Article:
“That’s right. I heard the impression of a laugh. A feeling,” Boulder said.
The others stood for a few seconds, uncertain whether he was lying or being sarcastic. Eury followed Boulder’s footfalls.
“He’s alright,” she murmured to Gray as she passed.
Gray caught up and led them to the end of the paddock. He walked a ledge on the far side of the cave that led to an arched adit and out of sight. They followed the edge. Gray’s leanness stooped under the uneven joist, his close-cropped hair brushed against the wood. The lintel sagged under the conglomerate above it.
A virgin odor replaced the stench of the paddocks – the skin of stone never meant to feel air, let alone travel up the soft flesh of their nostrils.
The darkness seemed to thicken into a medium unlike air. Four headlamps swayed and scoured the powder beneath their caked boots, the coke-colored walls that narrowed to a single file passage like an abandoned mine, the uncertain ceiling propped here and there by railroad ties fixed with iron spikes. Only the scrape of their boots grinding the patches of sand against the floors broke the noiselessness.
“The walls are closing in,” Boulder said as the sharp relief heaved and slithered along with their jiggling headlamps.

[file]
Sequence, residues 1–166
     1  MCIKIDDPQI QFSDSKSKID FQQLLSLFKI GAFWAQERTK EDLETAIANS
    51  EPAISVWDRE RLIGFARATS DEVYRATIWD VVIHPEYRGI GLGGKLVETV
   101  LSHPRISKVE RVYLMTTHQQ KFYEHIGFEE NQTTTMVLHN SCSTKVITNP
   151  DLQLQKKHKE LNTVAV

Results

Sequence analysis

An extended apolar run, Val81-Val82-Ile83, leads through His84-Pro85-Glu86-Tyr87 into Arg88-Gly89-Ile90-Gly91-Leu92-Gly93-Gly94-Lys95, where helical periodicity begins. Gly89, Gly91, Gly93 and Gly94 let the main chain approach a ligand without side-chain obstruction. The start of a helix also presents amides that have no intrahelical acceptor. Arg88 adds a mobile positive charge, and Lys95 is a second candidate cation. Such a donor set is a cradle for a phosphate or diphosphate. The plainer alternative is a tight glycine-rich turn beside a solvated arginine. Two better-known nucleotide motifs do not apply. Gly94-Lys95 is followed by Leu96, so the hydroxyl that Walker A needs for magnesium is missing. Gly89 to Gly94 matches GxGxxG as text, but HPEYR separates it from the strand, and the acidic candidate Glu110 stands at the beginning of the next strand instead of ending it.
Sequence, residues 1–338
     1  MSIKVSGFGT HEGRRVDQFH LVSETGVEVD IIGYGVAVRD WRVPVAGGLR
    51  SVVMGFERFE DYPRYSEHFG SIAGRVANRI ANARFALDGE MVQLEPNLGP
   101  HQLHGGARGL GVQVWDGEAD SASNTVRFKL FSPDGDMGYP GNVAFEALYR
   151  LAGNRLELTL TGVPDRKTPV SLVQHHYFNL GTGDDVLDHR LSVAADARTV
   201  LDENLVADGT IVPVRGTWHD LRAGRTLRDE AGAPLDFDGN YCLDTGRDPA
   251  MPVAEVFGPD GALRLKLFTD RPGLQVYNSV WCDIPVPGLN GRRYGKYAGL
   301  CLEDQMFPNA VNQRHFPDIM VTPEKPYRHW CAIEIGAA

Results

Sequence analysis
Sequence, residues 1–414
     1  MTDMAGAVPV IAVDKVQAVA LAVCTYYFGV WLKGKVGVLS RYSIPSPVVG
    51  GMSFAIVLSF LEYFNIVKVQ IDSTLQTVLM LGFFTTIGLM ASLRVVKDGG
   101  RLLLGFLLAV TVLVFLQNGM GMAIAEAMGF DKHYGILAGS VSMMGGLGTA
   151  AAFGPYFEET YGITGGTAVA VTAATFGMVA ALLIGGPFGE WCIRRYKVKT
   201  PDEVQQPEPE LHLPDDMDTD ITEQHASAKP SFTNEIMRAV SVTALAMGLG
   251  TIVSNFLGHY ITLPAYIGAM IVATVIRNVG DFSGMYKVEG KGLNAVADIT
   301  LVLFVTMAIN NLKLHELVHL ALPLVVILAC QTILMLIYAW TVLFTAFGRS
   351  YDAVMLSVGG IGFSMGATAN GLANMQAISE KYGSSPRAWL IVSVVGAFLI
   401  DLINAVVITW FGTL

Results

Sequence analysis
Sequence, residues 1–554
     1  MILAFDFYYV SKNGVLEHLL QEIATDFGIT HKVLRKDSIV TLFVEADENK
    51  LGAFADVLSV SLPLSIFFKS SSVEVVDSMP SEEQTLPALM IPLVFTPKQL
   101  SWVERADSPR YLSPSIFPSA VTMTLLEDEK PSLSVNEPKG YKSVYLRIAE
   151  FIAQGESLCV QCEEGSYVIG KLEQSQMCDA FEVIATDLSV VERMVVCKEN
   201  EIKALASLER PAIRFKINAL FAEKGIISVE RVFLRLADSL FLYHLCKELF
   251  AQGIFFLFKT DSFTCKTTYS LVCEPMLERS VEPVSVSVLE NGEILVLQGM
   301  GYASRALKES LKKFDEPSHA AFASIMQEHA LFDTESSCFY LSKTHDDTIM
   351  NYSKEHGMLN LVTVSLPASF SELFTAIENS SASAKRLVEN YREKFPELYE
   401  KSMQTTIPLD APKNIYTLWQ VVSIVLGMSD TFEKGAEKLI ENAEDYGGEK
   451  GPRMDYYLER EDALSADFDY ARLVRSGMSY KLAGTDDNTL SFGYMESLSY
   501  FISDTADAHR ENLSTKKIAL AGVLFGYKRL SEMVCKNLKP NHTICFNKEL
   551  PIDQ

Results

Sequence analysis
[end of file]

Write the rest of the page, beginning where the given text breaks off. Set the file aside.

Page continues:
“You’re claustrophobic,” Gray said, distracting himself from the rock shadow that crawled like vermin alongside him against the motion of his headlight.
“No. I’m just noticing. It’s happening slowly. Last time I tried to reach my fingers out to touch the walls, I couldn’t. This time I can.” He stood second to last in line, ahead of Eury. He stopped, holding up Eury’s progress. “Look.” Shade and Gray turned and watched as he stretched his arms. The middle fingers barely grazed a pair of bracings along each wall. “See? It’s getting narrower.”
Eury? Better come home, honey. Mother warned in that singsong she used for lecturing. You’re the one who’s claustrophobic and you’ve hid it this far, but from here on in, it’ll get harder.
Eury breathed a little heavier. She loved lime plains and silver seas married to cotton skies. That kind of aloneness became an ecstasy. But when horizons became walls and sky shrank to ceiling, memories rose from their graves and smothered—
Eury is 7, sleeping in Mother’s bed. She’s quarantined. Doctor Smithson talks to Mother in the kitchen but Eury hears. Seems like she can hear everything, every creak in the house, squeals of mice in the crawlspace below. Her skin becomes the plaster walls, the dome of her head the cedar shake roof. She’s caught an upper respiratory virus, the Doctor says. The fever makes her delirious.
What Doctor Smithson cannot know are her nightmares: She lies in an ossuary covered head to toe in a cast of stone, cold and rough. She can’t breathe. Chest constricted like something sits on it.
She wakes in a country surgery, strapped down, with an alien instrument, a black, rubbery anesthesia mask, coming down over her screaming mouth, growing larger until it smothers her field of vision. Puss-colored paraffin drips from the white ceiling, fixing like melted wax hitting water as it splotches the silvery tray of scalpels and saws. Father Pareti performs a blessing. Whiffs of incense curl the air in hoary fingers.